Do-it-yourself maven Melissa Techman says that bulletin boards can be important communication opportunities in your library. The K–5 librarian offers tips to keep it cheap and chic, and guidance on how to align bulletin boards with inspiring and informative instructional activities.
If keeping bulletin boards fresh and enticing doesn’t come naturally to you, you’re not alone. Bulletin boards can be important communication opportunities in your library. If you’re feeling stuck, think about how you can align bulletin boards with interesting instructional activities, and take a look at how they can inspire as well as inform. Here’s a roundup of tips to approach what can feel like a chore.
KEEP IT REUSABLE: THEMES AND MATERIALS
A clipboard/grid bulletin board makes it easy to change the content. Photo courtesy of Andrea Graziano on Pinterest.
Reusable materials and themes can be both time and money saver. Fabric backgrounds can remain through many changes. (Tip: When cutting felt, use freezer paper as support.) Colorful clipboards in a grid can hold poems, art, or book ideas. A simple, attractive brown tree made of crumpled paper or real sticks makes a good armature for a year’s worth of designs and student art. Find a colleague who can write beautiful, big letters, or a parent who would love to use their home electronic cutting machine for letters. Here’s an easy, year-round theme to use for your bulletin board—comic book library icons. Take a look at these wonderful and versatile “Batman 66” (Marvel Comics) icons from Rebecca Brooks, the assistant library director fromGretna (NE) Public Library. Brooks' library blog "Hafuboti" (means “happy fun book time”) is full of cool display ideas. Kids of all ages can make variations on these figures. Let them play around with signs, symbols, and characters for the library areas.
"Batman 66" figures as library icons from Rebecca Brooks' "Hafuboti" blog.
Some year-round, easy-to-refresh templates include: What We’re Wondering, These Books Are From _________ (use a big U.S. or world map), Library Words to Know, Open the Door to _________ (could be genres, science themes, games), and Author Birthdays This Month. Or put up a big, laminated Venn diagram and let students tape information on it, such as What’s the Same and What’s Different: Native American Tribes, Animal Adaptations, and Past and Present.
USE STUDENT WORK
Just as classrooms look better with real work on the walls, your library will benefit from real student art, writing, and input. When in doubt, go for enticing over didactic. Some starting points: student-made how-tos (for finding books, Minecraft, how-to-draw, or tech tips); students’ reviews or suggestions (best funny books, if you like _________, books we liked when we were in _________ grade); and highlights of classroom units with student pictures and labels. If your users are always drawing popular characters, use them. Take turns featuring different student favorites, from Pokémon to Mo Willems’s Pigeon to Pete the Cat. Think about letting students document events and activities: Who We Skyped with This Month, Outdoor Learning, Reporting on _________ (have student reporters write up field trips or assemblies). Let users run a Great Pairs bulletin board, featuring fiction and nonfiction connections or character types. Or team up with a teacher and showcase classroom work. Windsor (CA) High School English teacher Catlin Tucker posted the results of her students' work after teaching them how to create infographics, which “makes thinking visible.” Visit Tucker's "Blended Learning and Technology in the Classroom" blog.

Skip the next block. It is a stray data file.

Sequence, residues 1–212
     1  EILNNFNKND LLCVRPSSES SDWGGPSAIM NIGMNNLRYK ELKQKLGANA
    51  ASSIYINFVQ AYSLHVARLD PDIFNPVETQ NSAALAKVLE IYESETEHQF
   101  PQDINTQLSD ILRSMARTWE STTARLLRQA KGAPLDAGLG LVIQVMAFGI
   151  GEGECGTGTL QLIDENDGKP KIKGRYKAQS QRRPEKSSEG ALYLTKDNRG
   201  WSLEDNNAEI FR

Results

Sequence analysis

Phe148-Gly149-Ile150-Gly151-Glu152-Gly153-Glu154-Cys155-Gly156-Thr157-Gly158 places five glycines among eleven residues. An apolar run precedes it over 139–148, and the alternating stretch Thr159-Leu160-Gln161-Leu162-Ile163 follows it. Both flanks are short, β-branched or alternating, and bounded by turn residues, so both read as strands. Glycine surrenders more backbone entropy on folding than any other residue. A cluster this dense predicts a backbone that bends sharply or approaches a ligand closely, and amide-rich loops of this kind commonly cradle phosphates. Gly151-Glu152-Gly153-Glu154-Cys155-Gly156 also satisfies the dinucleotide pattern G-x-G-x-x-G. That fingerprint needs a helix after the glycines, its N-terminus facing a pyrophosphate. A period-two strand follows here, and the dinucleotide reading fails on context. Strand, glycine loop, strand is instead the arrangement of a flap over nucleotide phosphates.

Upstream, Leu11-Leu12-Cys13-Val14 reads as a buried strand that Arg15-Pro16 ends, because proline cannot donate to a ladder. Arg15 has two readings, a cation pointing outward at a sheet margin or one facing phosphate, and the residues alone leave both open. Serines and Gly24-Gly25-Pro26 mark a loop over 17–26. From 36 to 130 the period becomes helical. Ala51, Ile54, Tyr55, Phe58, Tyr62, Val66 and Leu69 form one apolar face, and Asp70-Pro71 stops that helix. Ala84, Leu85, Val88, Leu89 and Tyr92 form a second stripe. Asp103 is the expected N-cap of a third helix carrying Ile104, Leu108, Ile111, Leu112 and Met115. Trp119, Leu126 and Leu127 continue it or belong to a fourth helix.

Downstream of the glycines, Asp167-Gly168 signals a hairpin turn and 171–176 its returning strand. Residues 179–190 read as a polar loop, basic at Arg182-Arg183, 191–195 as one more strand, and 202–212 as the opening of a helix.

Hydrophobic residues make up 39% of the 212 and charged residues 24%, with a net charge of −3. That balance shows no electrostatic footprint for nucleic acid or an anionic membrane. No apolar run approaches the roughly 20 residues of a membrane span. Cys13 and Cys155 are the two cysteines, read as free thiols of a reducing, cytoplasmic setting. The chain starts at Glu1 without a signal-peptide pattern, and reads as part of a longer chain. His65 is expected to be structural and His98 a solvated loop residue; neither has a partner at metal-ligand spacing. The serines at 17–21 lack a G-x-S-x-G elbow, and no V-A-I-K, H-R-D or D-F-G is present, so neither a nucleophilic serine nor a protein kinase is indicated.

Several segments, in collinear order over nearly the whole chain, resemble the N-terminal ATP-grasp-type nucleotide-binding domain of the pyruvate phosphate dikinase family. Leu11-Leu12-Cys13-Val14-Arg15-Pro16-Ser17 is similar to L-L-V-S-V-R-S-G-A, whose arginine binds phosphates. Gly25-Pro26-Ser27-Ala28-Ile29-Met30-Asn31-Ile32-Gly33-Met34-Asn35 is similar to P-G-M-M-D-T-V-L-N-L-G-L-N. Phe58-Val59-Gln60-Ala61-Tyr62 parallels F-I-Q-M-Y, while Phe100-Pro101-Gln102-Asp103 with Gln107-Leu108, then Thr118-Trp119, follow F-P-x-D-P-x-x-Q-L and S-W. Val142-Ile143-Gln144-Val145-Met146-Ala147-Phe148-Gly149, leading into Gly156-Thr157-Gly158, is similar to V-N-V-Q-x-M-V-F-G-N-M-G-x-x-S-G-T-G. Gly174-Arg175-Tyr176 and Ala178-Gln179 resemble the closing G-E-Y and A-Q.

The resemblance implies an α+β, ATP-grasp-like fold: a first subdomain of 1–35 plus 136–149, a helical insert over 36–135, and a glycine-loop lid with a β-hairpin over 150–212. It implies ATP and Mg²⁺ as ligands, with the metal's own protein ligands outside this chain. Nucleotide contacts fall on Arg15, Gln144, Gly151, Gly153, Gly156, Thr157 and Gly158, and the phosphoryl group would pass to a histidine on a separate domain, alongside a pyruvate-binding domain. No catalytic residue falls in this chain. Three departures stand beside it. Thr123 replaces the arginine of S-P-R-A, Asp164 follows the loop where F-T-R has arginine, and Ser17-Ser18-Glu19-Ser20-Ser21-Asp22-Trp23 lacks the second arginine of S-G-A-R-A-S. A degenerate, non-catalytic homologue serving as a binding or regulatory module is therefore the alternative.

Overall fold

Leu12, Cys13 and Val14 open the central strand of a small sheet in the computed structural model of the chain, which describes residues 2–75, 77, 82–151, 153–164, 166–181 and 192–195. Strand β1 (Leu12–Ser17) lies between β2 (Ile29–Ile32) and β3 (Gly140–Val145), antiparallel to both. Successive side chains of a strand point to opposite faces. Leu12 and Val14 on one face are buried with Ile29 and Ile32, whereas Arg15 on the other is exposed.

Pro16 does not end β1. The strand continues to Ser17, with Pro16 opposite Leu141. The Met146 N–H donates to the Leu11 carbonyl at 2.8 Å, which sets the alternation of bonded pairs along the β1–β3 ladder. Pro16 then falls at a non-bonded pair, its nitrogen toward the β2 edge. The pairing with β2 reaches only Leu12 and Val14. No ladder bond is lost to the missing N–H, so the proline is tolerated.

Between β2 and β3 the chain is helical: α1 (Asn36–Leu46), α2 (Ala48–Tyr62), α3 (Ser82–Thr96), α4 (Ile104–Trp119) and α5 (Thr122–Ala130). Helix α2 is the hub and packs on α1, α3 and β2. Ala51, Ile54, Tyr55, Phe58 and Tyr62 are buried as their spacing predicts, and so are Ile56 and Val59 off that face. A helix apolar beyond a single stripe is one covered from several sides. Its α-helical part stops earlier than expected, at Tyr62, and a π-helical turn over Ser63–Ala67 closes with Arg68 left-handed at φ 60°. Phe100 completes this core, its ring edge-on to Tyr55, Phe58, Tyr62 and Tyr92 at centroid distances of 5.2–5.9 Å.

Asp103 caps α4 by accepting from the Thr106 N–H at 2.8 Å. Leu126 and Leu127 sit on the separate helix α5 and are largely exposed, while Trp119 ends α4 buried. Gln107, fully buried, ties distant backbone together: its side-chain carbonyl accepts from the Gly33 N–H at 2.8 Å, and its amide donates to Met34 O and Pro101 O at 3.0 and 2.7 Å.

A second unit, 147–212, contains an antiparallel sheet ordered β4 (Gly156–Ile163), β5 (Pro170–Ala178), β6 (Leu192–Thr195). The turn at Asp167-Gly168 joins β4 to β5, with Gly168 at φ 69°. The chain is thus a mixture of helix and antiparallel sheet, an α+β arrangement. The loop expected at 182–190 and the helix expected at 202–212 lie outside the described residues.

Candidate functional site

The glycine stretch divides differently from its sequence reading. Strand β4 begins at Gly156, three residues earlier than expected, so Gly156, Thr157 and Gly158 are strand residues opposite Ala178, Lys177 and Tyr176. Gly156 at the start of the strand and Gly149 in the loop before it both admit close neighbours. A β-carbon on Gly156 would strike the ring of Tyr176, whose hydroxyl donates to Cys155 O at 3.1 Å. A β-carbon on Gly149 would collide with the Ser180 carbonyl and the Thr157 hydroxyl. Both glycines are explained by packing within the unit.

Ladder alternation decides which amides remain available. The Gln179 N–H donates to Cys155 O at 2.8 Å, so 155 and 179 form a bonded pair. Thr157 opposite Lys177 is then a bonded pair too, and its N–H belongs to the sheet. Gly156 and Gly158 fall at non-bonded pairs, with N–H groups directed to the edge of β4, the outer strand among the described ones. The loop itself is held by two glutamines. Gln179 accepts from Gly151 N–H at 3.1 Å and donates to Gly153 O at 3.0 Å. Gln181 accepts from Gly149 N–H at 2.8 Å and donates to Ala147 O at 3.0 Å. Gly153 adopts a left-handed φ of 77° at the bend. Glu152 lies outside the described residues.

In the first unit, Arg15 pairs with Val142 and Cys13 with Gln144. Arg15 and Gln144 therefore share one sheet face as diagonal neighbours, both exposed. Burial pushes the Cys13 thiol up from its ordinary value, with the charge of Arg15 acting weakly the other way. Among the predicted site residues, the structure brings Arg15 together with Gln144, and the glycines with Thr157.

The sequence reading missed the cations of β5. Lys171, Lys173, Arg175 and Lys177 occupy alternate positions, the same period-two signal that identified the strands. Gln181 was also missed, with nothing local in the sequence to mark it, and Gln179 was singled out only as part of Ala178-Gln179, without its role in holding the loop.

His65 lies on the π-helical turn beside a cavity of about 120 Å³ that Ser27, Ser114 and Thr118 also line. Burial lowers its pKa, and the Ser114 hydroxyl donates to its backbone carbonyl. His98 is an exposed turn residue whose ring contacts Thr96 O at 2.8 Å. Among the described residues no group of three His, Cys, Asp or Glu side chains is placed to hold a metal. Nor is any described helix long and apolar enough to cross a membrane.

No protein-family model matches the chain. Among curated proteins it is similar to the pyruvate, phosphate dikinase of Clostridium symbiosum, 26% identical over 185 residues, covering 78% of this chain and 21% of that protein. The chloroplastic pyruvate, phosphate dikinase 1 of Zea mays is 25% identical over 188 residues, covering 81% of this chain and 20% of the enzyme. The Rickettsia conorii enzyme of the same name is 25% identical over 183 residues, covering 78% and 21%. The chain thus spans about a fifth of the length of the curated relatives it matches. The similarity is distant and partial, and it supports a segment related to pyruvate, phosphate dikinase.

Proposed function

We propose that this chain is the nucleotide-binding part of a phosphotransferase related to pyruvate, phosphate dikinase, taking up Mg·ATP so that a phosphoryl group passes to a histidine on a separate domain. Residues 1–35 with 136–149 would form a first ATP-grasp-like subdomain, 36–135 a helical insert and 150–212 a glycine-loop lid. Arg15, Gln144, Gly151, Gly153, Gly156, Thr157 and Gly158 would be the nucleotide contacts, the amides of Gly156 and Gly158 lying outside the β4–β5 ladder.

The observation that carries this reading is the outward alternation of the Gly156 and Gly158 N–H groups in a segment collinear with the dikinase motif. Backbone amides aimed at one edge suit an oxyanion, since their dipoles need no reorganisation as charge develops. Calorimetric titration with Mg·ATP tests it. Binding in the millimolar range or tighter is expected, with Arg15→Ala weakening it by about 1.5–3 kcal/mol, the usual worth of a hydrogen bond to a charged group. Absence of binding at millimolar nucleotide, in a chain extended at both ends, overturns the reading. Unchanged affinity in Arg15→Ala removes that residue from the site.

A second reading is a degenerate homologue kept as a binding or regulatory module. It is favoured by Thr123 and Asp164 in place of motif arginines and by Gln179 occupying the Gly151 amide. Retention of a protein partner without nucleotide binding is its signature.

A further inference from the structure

English teacher Caitlin Tucker displays a students' infographic project on her blog "Blended Learning and Technology in the Classroom."
INVOLVE YOUR USERS
Often interactive bulletin boards translate into prompting inquiry or inviting guessing from users. Carolyn Vibbert’s board, Seuss Silhouettes, which I found on her "Risking Failure" blog, is great for visual literacy skills. Vibbert’s blog provides the step-by-step directions for this particular project, and it’s an easy idea to extend, from guess-the-continent to guess-which-symbol-goes-with-which-genre. Parents might be able to cut these out at home, or you could have student helpers do so during lunch.
Click image to go to Seuss Silhouettes on Carolyn Vibbert's "Risking Failure" blog.
At the Chattanooga (TN) Public Library, librarian Rebecca Zarazan Dunn is known for her use of nature elements and impromptu materials. “There is a pride and sense of ownership when kids visit a library that displays work they've created,” says Dunn, who recently had children at a community event make a board mural with a winter theme. “My coworkers and I try to provide those types of opportunities as much as possible.” Find Dunn's library projects—and the boards that inspire her—on Pinterest.
The winter theme mural that librarian Rebecca Zarazan Dunn of Chattanooga Public Library created with her patrons.
Another way to invite discussion and curiosity is through an easy-to-change bulletin board using post-its and plastic baggies, like this one (image below) from school librarian Anita Mays of Baker-Butler Elementary School in Albemarle County, VA.
Librarian Anita Mays easy-to-change board of found-objects.
Librarian Pam Grammer, at Crozet Branch library of Jefferson-Madison (VA) Regional Library system, had young patrons make their own "I Spy" rhymes and boards, using found objects and little treasures.
Librarian Pam Grammer's "I Spy" board.